Although the deal is not expected to alter existing tariffs and trade pressures, it showcases the importance of mining in keeping ties between the two nations. In this sector at least, they need each other.

“In the Australia-China case, the fact that the mining trade continues at pace even amidst these political tensions, is something that is keeping the broader relationship together,” says Laurenceson. “Just last week, we found out that China’s share of Australia’s total goods exports actually hit a record high – China now boasts 40% of our total goods exports internationally.

“The reason for that, of course, is not politics, it’s economics. Australia provides a good quality product for a good price, so China has not been willing to completely shoot itself in the foot to punish Australia for political differences.”

So what happens if mining is in jeopardy? While coal has already been something of a casualty in the trade war, iron ore is really the keystone in the relationship. Figures from the Department of Foreign Affairs and Trade say that the mineral is the largest export for Australia to China, representing around 40% of the $153bn worth of goods sent every year. 

Whilst it is widely agreed this market is unlikely to suffer in the near future, the hits taken by non-mineral exports thus far have been something of an opportunity to consider the problems that arise when goods are weaponised.

An untouchable trade?

Dr Nicholas Fearnley, project manager of Australian mining, engineering construction, and maintenance forecasts at BIS Oxford Economics, he says that mining exports face relatively lower risks than other export categories (such as non-food rural goods), due predominantly to the ‘lack of alternative supply’.

“Australia accounts for over half of global iron ore exports, and China accounts for over half of global iron ore imports,” he says. “Brazil is the second largest exporter and their supply has been weak for over a year now, due first to the tragic tailings dam disaster, but then poor weather, and more recently Covid-19.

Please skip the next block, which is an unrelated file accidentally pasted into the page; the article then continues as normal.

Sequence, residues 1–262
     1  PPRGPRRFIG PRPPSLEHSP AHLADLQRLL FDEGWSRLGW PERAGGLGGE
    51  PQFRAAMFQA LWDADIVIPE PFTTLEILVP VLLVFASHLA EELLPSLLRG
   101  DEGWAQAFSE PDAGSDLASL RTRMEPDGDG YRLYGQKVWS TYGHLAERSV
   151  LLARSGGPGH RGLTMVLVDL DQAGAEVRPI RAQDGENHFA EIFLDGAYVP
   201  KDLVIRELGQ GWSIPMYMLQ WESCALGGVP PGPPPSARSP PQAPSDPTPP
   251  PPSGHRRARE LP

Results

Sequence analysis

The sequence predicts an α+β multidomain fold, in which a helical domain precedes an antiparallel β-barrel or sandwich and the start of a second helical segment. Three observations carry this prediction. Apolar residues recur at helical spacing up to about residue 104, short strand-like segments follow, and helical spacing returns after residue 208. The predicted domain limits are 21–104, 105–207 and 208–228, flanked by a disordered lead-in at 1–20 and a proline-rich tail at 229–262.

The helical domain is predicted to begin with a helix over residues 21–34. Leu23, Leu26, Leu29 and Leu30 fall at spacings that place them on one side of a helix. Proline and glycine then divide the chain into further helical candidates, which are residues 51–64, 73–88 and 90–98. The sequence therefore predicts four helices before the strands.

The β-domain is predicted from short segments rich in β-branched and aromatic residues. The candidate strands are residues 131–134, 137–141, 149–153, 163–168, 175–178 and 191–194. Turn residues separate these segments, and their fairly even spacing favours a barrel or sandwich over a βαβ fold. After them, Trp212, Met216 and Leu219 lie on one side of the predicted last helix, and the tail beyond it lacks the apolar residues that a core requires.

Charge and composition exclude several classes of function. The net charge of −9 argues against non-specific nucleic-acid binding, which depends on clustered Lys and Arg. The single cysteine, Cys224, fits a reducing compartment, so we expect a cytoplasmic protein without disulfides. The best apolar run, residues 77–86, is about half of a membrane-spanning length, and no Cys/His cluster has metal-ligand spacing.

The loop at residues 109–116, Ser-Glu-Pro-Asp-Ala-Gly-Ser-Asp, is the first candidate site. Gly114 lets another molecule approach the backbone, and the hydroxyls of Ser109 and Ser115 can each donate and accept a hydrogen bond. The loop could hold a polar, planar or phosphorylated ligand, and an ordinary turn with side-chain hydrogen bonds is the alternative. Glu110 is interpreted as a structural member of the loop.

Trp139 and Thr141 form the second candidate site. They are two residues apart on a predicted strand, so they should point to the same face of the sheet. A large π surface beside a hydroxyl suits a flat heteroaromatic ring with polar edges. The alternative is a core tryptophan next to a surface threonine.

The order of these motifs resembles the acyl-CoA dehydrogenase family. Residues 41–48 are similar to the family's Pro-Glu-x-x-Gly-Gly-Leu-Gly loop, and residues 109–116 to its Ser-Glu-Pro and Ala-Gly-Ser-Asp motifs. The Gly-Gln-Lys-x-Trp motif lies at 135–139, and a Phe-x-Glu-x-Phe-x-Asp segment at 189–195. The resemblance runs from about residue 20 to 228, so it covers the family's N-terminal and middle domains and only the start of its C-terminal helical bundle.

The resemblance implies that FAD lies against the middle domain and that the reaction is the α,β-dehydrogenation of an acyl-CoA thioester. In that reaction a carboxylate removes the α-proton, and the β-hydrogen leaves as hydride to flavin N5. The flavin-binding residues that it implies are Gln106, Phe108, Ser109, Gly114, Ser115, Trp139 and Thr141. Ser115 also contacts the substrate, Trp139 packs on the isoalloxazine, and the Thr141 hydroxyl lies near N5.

“We expect Brazilian supply to normalise, which will help reduce Chinese dependence on Australian iron ore. However, even after Brazilian supply normalises, Australia will be the largest global exporter by a big margin.”

Looking further ahead however, demand for iron ore is expected to decline as China moves to alternative options – in the form of both other iron ore markets and the production of their own greener materials.

“Longer term, we expect two factors to reduce Chinese dependence on Australian iron-ore,” Fearnley says. “The first is the development of mines outside Australia; for example, the Simandou deposit in Guinea. The second is an increased use of electric arc furnaces in China,which is effectively steel recycling.”

While these are long-term factors, it is not a topic to be ignored. As the world at large turns its attention to greener, sometimes domestically-sourced solutions, some have floated the need for Australia to broaden its marketing horizons – though it’s not a simple request.

“It would be great if we could find new markets,” says Jiang. “But the fact of the matter is China is often the most dominant market, and the only way we could diversify is to reduce trade with them – something that would impose a significant cost on the Australian economy.”

There is no one hard and fast solution, but RCEP is hopefully an indication of Australia’s continued alignment with what is fast becoming the world’s largest economy. With a continued focus on the regional development opportunities from the deal and an eye on emerging markets, Australia’s minerals future could still be bright.